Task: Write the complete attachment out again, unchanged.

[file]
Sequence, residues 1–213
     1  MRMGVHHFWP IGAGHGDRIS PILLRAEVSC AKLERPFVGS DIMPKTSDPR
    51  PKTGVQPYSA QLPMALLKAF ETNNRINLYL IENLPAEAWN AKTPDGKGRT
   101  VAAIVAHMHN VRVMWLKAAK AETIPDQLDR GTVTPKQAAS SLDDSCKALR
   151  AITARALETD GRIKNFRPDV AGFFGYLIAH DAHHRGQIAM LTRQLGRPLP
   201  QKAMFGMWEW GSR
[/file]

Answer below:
Sequence, residues 1–213
     1  MRMGVHHFWP IGAGHGDRIS PILLRAEVSC AKLERPFVGS DIMPKTSDPR
    51  PKTGVQPYSA QLPMALLKAF ETNNRINLYL IENLPAEAWN AKTPDGKGRT
   101  VAAIVAHMHN VRVMWLKAAK AETIPDQLDR GTVTPKQAAS SLDDSCKALR
   151  AITARALETD GRIKNFRPDV AGFFGYLIAH DAHHRGQIAM LTRQLGRPLP
   201  QKAMFGMWEW GSR